• The interruptions in patient care activities resulted in a workload that was about two times higher than in a “non-interruption scenario”.
  • EMR documentation along with patient care tasks made the workload was about four times higher than when there were no interruptions.

The team used this information to develop two simulation models–one to show how workflow is efficient when there were no interruptions and the other to show the potential effects of interruptions on tasks.

The researchers recommended that ED nurses should be trained to avoid answering questions or non-emergency phone calls while delivering direct care to patients and while engaged in EMR documentation. They also said that relatives of patients should allow the health care worker to perform critical duties without interruption.

Other studies have also analyzed the use of electronic documentation in the ED. Last year, the American Medical Association (AMA) reported on a study which found that the implementation of a custom electronic documentation system in one ED reduced patient throughput. The study, which was published in the Annals of Emergency Medicine, found that:

  • The use of a custom electronic documentation system led to small but consistent increases in overall and discharge length of stay (LOS) in the ED.
  • Though the increase in LOS was small, it still played a significant role in a high-throughput ED
  • There was a 6.3-minute rise in LOS for patients treated and released and a 5.1-minute increase for discharged patients.
  • These increases could lead to decreased patient satisfaction and delays in care for time-sensitive conditions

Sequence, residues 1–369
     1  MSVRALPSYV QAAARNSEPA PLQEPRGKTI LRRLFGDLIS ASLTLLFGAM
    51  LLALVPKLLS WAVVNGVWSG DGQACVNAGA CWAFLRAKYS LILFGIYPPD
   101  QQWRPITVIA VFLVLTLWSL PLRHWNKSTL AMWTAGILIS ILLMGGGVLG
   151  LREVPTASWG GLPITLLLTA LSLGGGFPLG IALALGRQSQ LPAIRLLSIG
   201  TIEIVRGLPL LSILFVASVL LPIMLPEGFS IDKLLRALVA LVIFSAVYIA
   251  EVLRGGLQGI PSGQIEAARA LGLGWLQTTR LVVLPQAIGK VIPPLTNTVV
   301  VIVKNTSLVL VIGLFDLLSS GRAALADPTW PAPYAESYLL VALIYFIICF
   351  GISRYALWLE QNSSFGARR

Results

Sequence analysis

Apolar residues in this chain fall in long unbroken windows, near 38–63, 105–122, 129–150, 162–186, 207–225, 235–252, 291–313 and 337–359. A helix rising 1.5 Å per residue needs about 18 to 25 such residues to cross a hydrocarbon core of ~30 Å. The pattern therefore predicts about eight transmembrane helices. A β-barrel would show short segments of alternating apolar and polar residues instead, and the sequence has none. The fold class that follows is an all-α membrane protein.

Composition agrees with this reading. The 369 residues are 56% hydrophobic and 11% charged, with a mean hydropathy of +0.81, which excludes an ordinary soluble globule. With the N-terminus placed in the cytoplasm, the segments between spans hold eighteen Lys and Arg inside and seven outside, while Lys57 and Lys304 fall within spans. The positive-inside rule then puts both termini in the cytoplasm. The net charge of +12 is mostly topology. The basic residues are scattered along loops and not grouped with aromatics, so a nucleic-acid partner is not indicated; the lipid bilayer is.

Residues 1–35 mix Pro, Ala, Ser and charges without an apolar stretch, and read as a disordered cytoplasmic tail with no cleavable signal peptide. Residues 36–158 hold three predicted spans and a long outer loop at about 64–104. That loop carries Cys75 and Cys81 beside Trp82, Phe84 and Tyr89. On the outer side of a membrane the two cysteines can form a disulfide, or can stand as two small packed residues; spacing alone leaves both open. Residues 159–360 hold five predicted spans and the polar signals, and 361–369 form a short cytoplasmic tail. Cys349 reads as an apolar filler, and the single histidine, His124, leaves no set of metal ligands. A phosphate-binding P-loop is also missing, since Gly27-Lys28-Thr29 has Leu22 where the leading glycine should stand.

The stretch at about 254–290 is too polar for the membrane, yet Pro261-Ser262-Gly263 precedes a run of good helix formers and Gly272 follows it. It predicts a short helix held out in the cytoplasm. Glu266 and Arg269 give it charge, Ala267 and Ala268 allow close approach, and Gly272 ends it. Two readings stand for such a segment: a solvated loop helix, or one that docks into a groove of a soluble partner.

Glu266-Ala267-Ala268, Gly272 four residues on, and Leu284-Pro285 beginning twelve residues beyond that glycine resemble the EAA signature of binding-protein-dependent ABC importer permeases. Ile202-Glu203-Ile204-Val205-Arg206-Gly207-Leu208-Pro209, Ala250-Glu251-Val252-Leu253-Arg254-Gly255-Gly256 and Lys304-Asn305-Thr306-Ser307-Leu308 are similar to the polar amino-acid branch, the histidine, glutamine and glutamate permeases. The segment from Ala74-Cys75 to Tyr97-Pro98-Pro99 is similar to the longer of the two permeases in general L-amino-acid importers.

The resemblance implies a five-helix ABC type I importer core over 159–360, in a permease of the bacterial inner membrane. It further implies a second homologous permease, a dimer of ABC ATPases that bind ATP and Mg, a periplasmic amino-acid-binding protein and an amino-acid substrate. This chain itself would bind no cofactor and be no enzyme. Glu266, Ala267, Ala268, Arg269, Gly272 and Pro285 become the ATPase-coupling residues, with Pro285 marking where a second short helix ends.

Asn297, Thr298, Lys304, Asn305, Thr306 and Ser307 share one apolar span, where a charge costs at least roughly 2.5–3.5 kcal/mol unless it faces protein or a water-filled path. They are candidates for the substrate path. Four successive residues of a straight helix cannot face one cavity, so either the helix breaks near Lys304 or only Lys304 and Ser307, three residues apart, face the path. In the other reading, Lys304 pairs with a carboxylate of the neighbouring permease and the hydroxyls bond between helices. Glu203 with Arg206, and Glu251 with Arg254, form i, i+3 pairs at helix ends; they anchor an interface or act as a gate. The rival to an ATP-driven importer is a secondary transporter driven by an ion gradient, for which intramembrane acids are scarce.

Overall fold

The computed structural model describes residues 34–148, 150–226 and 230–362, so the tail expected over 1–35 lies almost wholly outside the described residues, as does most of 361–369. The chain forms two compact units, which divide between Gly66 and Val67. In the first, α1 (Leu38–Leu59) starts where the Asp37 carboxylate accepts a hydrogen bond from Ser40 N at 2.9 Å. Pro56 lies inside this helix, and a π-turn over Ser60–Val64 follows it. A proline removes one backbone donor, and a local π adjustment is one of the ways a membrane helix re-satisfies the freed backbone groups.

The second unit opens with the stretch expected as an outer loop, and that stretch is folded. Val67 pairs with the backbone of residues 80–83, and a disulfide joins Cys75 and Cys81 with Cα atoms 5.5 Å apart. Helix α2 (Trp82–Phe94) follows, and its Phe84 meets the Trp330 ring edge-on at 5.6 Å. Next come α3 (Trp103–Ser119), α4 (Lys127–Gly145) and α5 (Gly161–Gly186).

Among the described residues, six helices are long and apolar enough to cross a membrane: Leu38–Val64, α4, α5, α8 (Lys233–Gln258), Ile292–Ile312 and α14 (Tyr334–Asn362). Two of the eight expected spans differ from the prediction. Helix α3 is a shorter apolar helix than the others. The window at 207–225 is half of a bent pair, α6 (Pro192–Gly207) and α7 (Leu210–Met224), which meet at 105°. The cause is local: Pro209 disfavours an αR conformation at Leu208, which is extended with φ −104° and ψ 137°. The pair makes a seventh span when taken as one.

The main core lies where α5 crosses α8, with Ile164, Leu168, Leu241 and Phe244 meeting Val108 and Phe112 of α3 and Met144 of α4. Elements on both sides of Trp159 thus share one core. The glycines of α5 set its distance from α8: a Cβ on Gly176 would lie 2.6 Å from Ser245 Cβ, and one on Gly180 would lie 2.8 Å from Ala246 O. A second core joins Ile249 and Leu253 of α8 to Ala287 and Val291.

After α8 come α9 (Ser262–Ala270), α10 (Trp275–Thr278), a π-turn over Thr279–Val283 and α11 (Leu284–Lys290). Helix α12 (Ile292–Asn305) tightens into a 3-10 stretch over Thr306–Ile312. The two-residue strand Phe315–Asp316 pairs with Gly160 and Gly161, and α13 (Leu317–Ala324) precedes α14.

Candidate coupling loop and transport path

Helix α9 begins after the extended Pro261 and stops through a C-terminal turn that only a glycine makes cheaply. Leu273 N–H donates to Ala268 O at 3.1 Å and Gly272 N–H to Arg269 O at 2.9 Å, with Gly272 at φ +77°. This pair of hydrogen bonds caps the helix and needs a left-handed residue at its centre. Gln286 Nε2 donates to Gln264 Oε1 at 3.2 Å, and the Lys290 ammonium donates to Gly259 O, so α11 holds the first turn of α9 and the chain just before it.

• There was no statistically significant change in time to disposition or LOS for admitted patients.

Extrapolated to the entire department, an “additional six minutes per patient encounter would add more than 16 hours per day for an ED serving 165 patients per day,” the researchers said. The findings of this study matched research which suggests that electronic documentation in the ED can be more time consuming than traditional paper charting.

The researchers called for new workflow strategies and technologies to mitigate these effects of implementing electronic documentation systems in the ED. The two specific interventions that the researchers identified as gaining prevalence are: the use of scribes and use of electronic dictation software. The study’s lead author stressed that both of these have the potential to improve completeness and efficiency of documentation and that they hoped to study the effects of these strategies in the future.

These recent studies emphasize the importance of documentation support for emergency room physicians and staff. Medical transcription outsourcing companies are well-positioned to provide such support. Established companies have teams of trained and experienced transcriptionists that can deliver accurate emergency room transcription service in custom turnaround time. Their services can go a long way in helping physicians maintain up-to-date electronic charts which is critical to improve efficiency and care.

Julie Clements

About Julie Clements

Joined the MOS team in March of 2008. Julie Clements has background in the healthcare staffing arena; as well as 6 years as Director of Sales and Marketing at a 4 star resort. Julie was instrumental in the creation of the medical record review division (and new web site); and has especially grown this division along with data conversion of all kinds.